(Athens) Night rains in the fire-hit areas of Greece helped “improve the situation”, according to a Peloponnese mayor on Thursday, as hundreds of firefighters and local residents continued to fight relentlessly against the flames.
Posted on 8/12/2021 6:48 AM
Yannick PASQUET Agence France-Presse
More than two weeks after the violent fires broke out, which devastated around 90,000 hectares in several parts of Greece and left three people dead, Greek Prime Minister Kyriakos Mitsotakis once again lamented “an immense ecological catastrophe”.
Speaking to the press on Thursday, he attributed the fires to climate change, insisting that it was “not a Greek phenomenon,” citing Turkey, Italy and Algeria, which were also affected by major fires.
According to the Deputy Minister for Civil Protection, 586 fires devastated several regions of the country within a few days.
Several fires remained active, particularly on the island of Evia, which has been badly hit since August 3, and on the Peloponnese peninsula.
“The fire fronts are still active” on the island of Euboea and in three parts of the Peloponnese: in Arcadia, Messinia and Mani, where “the resumes are constant,” said AFP a service director of the fire department.
Concerns also reappeared in the outskirts of the Greek capital, where a fire broke out in the bushes on Thursday morning in Aspropyrgos, an industrial area around thirty kilometers west of Athens.
At the height of the devastating fires caused by scorching temperatures at the beginning of August, the flames had reached the gates of Athens and charged the sky of the 4 million-inhabitant metropolis with gray smoke.
Greece was used to the hot summer heat, but it was hit by the worst heat wave in three decades.
Thursday, it’s also on the weather side that eyes turned with a drop in temperature expected with great relief in a country where mercury climbed well above 40 ° in early August, with peaks at 45 °.
In Athens, the temperature on Thursday should not exceed 34 °, according to weather services, with little rain being expected.
These fires resulted in the evacuation of thousands of residents, immense destruction and significant environmental damage.
Experts clearly link this heat wave to climate change, while a preliminary UN report to which AFP had access called the Mediterranean a “hotspot of climate change”.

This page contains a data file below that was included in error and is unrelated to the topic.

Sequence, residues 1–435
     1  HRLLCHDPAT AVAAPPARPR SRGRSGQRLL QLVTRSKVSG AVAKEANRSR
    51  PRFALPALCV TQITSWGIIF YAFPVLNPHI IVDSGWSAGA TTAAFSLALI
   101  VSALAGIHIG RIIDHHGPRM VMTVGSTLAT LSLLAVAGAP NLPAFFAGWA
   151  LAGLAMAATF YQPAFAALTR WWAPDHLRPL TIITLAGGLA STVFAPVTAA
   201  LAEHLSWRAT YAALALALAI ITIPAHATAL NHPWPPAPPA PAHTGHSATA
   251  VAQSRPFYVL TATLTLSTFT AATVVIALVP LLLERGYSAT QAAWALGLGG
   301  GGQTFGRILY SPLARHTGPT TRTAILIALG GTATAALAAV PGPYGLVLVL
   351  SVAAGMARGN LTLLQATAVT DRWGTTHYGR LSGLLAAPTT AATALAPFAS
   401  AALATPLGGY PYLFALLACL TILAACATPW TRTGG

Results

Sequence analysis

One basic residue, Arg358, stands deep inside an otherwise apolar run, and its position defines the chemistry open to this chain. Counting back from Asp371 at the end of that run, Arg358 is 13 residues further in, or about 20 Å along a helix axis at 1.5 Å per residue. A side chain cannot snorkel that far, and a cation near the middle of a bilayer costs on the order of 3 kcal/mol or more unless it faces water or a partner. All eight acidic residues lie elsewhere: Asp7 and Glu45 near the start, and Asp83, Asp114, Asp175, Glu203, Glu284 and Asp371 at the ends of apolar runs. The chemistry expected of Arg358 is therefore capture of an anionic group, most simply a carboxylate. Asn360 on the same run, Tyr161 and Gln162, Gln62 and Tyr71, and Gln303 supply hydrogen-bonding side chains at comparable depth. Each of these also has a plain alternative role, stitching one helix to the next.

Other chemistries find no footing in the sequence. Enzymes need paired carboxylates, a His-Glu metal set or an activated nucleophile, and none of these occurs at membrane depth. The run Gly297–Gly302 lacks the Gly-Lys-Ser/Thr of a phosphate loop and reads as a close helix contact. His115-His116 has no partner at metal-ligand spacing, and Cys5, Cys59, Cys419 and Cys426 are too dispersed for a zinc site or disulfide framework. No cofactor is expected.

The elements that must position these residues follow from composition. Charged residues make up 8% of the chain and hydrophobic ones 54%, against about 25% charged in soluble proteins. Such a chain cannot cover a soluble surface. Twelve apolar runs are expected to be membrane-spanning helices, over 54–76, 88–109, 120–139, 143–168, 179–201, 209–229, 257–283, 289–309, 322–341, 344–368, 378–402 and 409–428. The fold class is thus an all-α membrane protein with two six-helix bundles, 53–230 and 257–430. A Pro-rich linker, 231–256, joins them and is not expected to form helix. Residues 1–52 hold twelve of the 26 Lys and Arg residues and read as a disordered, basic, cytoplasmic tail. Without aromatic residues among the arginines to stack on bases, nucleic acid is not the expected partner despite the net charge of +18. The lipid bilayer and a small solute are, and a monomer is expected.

Northern Algeria has also been ravaged by dozens of fires fueled by extreme heat, with at least 69 dead.
In Greece, overnight rains fell on the island of Evia, the Peloponnese and central Greece, which helped “improve the situation,” said Stathis Koulis, the mayor of Gortynia.
Risk of resurgence
This village in the mountainous and inaccessible region of Arcadia in the Peloponnese is the main fire point of the peninsula. More than twenty surrounding villages were evacuated and around 680 firefighters were mobilized day and night.
But even with the persistent doldrums, the risk of a revival remains high.
Forecasts by the European Forest Fire Information System (EFFIS) therefore suggest that “forest fires will continue as long as there is no significant rainfall,” he said. AFP Thomas Smith, Professor of Geography at the London School of Economics.
In North Evia, where hundreds of residents had been evacuated by boat, 858 firefighters, including reinforcements from Ukraine, Romania and Serbia, fought relentlessly against the fire.
In the devastated areas, residents were desperate to see the extent of the damage, especially the shepherds who lost their animals that had been charred by the fire.
“I am lost,” sighs one of them, Kostis Angelou, whom AFP meets on the island of Evia, while the carcasses of his 372 goats lie on the slopes of a blackened hill.
“We’re done, what should we do? », Continues his father Spyros Angelou, 73 years old.